From N.Y. to Va., 'Gin' has big post parade of support

May 19, 1994|By JOHN EISENBERG

At a place called Hare Forest Farm, outside Orange, Va., Ellen Wrenn is still not over the shock.

At a place called the New York Stallion Station, in Old Chatham, N.Y., Jerry Bilinski is mad that he didn't get to bet.

At home in Boyce, Va., Jim Simpson is just glad to see his favorite 20-year-old horse finally getting some national pub.

This is the way it works with the Kentucky Derby now that the old racing dynasties are dead and so many of these horses get passed around, sold once or twice, sifted through a maze of bloodstock agents, vets and trainers and grooms. The Derby win winds up belonging to a lot more people than just those who own the horse on the day of the race.

"Everyone here is floating rather high at the moment," said Wrenn, the manager of Hare Forest Farm, a 175-acre spread that Go For Gin called home for 10 months. "We're all trying to get to the Preakness."

The horse was an unnamed weanling when Hare Forest owner Richard Poulson bought him for $32,000 from the breeder, Pamela Darmstadt duPont, at a sale in Lexington, Ky., in 1991.

"When we first got him, he was rather awkward and not the prettiest thing," Wrenn said. "We referred to him as an ugly duckling."

But there were reasons to hope he would improve. His sire, Cormorant, had recently fathered a champion filly named Saratoga Dew. His half-brother, Pleasant Tap, had run third in the 1990 Kentucky Derby and become a champion older horse.

Sure enough, the ugly duckling soon developed into a handsome, athletic yearling.

"Mother Nature just took over," Wrenn said. "You can tell at that age whether a horse is going to be athletic or not. [Go For Gin] loved to run. He was very playful, very active. We tried to calm him down by pairing him off with a baby sitter, an older horse that wouldn't run with him."

Poulson sells all of his horses that command a decent price, so there never was a doubt that Go For Gin would leave the farm.

"In hindsight, of course, it would have been nice to have him now," Wrenn said, "but who knows if he would have ended up like this if we'd kept him? We're just excited that it worked out this way."

This way, William Condren and Joseph Cornacchia bought him for $150,000 at a Saratoga, N.Y., yearling sale two years ago, acting strongly on the advice of trainer Nick Zito. They bought four horses at the sale for a total of $660,000. Two cost more than Go For Gin.

"But he was our No. 1 choice out of the 12 I gave Mr. Condren to pick from [before the sale]," Zito said. "It was a no-brainer."

All of this became the stuff of racing history 12 days ago, when Go For Gin won the first sloppy-track Kentucky Derby in 46 years.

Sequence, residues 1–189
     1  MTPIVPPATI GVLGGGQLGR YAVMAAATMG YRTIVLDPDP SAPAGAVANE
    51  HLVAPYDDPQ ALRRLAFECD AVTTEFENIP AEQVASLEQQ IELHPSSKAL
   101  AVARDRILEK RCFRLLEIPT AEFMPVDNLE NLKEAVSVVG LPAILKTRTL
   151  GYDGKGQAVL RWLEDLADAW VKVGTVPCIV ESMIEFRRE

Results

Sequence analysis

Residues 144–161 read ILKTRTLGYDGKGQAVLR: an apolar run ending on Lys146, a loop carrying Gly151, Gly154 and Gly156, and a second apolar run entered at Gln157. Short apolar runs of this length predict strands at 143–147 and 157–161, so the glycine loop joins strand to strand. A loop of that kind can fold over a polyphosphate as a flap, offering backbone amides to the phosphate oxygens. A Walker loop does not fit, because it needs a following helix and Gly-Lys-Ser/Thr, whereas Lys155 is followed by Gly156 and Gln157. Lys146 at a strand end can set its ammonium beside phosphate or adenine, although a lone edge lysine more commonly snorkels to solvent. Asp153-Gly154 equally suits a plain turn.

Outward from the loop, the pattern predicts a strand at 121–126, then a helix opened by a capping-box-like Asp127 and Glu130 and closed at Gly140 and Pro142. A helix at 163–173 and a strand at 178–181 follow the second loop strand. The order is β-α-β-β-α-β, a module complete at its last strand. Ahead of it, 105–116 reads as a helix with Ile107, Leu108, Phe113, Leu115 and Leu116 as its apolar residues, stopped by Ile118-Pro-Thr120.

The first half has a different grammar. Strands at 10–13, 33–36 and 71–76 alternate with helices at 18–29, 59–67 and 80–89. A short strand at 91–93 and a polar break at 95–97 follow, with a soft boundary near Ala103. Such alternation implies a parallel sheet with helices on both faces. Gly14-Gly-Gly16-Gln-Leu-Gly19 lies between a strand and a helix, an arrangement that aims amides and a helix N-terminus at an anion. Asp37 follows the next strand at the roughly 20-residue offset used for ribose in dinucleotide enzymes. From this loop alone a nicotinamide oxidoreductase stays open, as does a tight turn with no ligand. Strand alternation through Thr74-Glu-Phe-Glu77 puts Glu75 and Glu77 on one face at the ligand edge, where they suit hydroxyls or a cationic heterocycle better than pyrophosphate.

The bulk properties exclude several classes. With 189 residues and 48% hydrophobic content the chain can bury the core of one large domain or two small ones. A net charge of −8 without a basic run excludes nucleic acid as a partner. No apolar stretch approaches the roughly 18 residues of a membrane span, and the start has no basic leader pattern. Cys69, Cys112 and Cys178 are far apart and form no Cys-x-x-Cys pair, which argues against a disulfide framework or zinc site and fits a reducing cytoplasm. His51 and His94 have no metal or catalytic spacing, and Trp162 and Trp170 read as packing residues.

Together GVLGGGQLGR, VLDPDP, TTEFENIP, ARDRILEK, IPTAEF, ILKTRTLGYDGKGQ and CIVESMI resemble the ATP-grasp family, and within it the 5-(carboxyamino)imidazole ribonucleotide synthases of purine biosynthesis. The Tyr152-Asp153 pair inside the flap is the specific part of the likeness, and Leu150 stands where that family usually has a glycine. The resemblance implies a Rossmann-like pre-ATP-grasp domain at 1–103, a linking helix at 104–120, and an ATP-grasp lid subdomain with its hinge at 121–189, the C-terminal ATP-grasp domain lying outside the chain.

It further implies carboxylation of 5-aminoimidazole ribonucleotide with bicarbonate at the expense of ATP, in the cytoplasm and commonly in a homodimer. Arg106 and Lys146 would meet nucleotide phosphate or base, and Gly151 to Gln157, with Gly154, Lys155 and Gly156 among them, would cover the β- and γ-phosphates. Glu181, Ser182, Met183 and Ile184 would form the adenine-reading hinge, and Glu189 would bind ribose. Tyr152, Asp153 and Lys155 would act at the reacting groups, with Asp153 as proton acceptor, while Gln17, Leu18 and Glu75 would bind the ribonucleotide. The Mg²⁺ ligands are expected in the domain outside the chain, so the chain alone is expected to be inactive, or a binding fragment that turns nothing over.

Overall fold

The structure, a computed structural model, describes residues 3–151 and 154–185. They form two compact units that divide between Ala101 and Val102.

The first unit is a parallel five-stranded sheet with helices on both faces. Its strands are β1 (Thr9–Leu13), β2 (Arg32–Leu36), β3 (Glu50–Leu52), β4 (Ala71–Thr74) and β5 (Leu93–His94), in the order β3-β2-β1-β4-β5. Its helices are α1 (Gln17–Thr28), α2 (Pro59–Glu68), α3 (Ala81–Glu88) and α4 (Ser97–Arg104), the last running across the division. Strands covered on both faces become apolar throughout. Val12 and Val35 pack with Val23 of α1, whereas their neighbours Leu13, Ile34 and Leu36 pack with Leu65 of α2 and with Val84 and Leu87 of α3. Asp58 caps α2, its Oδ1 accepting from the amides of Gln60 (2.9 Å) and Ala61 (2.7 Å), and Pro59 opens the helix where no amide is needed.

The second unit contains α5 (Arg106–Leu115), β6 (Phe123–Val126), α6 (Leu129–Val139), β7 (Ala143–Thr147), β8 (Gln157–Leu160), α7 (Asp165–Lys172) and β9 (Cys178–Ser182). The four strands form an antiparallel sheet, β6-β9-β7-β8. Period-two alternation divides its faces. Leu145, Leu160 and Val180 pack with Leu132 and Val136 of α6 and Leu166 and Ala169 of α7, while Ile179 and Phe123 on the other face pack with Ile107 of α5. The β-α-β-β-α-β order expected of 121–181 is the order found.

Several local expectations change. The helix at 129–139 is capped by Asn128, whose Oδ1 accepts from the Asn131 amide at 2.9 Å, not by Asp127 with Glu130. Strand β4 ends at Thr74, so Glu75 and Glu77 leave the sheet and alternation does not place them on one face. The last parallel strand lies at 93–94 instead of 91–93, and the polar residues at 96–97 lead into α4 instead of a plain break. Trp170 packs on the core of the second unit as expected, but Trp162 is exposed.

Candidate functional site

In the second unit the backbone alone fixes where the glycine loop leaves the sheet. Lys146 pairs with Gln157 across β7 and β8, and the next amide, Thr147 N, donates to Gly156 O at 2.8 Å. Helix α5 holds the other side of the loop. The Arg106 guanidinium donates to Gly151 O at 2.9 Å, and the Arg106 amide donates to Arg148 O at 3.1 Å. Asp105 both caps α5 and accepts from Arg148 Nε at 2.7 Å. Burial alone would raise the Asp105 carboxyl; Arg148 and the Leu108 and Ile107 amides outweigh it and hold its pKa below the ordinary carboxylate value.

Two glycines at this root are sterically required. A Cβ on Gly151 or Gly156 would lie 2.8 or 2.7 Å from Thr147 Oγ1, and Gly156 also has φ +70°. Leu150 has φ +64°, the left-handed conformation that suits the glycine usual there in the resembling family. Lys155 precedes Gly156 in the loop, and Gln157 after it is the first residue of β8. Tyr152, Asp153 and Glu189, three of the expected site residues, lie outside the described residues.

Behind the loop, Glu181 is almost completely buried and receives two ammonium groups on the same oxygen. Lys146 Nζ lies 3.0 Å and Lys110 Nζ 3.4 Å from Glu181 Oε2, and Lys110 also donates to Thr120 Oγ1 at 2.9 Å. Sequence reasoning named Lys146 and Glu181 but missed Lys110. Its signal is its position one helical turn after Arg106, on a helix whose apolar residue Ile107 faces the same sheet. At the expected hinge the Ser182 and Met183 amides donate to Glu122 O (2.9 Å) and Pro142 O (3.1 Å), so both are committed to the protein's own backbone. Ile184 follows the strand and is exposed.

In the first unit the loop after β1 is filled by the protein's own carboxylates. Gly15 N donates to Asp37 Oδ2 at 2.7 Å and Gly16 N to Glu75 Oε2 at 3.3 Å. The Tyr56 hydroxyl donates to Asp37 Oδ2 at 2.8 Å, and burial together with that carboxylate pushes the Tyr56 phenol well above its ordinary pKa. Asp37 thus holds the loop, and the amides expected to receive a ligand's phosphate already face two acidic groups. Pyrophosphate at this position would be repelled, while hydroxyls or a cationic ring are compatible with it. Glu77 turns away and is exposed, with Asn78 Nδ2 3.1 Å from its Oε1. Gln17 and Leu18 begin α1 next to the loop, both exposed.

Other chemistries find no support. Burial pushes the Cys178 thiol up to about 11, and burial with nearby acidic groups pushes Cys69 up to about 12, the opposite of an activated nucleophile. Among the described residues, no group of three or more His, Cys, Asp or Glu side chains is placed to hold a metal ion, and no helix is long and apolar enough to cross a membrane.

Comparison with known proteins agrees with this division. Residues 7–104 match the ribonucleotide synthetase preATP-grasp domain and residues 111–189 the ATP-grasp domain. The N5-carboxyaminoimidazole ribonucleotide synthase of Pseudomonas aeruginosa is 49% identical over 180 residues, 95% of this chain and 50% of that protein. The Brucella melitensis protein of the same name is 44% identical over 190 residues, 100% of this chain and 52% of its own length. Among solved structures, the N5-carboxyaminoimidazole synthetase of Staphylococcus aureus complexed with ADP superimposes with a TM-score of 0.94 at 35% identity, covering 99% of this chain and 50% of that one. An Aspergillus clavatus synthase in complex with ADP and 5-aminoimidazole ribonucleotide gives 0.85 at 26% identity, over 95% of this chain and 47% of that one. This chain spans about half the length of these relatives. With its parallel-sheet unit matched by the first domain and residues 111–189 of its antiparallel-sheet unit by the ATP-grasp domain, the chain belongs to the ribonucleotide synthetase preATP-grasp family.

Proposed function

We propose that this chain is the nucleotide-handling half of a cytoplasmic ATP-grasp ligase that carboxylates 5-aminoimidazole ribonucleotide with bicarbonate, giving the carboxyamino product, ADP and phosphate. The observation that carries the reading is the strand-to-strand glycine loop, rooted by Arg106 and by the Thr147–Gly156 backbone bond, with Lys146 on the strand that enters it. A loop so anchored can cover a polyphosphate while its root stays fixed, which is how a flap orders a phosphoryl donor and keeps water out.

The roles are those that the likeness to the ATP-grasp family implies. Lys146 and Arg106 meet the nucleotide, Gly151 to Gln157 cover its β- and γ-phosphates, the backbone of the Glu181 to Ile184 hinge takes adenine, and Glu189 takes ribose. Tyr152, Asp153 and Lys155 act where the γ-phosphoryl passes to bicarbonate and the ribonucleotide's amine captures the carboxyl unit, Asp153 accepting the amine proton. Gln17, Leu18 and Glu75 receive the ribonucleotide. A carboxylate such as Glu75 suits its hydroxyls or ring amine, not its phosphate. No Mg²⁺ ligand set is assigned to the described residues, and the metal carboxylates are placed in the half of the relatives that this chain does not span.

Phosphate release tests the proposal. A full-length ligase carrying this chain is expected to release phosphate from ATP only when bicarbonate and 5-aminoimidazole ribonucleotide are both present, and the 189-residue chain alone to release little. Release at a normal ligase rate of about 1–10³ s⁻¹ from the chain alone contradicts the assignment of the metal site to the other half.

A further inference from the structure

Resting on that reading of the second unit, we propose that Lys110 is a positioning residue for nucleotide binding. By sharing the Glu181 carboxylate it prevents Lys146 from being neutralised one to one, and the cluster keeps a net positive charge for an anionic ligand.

No one was happier than a 74-year-old, still-active Maryland trainer named Jim Simpson, who trained Cormorant, the sire, back in the '70s.

"I was rooting big for Go For Gin," Simpson said. "I knew he had an excellent chance in the mud. Cormorant himself was a super mudder, too."

Cormorant was based in Maryland during his two-year career, in which he won eight of 12 starts, including the Jersey Derby, and finished fourth as the second choice behind Seattle Slew in the 1977 Preakness.

"The horse had a ton of talent," Simpson said. "He ran most of his races at the front. He had a lot of injuries, but when he was healthy, he was probably the second-best 3-year-old in the country that year."

Now 20, Cormorant has been the top New York-based sire for years, producing close to 40 stakes winners in a 15-year career at stud.

"It's not like this came out of the blue. He's had some real nice horses," Simpson said. "But this is the big one. There's nothing like the Derby. I'm tickled to see it."

Almost as ticked as Simpson was Jerry Bilinski, who stands Cormorant at his farm in New York.

"This is what you shoot for when you get into the game," Bilinski said, "to be involved with a Derby winner."

Bilinski is a veterinarian who used the profits from his practice to buy a farm and start a stallion operation. He has overseen too many breeding sessions to count over the years, but remembers the day when Cormorant was bred to Go For Gin's dam, a mare named Never Knock.

"I recall it vividly," Bilinski said. "It was three weeks before the Derby in which [Never Knock's son] Pleasant Tap ran third. I commented to the farm manager that we better get her bred now, because if Pleasant Tap wins the Derby she'd be moving to Kentucky [to breed to better sires than his]."

Four years later, Bilinski was so busy preparing a mare for breeding on Derby Day that he was unable to get to a betting window to play the hunch in his heart.

"I had cash in my pocket to bet Go For Gin [at an off-track betting parlor], but I was too busy to get away," he said. "I did get to see the race on television. Then we went out to celebrate. He's always been a good sire. I hoped that someday there'd be a colt by him that could do this. But you never know. I'm just excited that it really happened."

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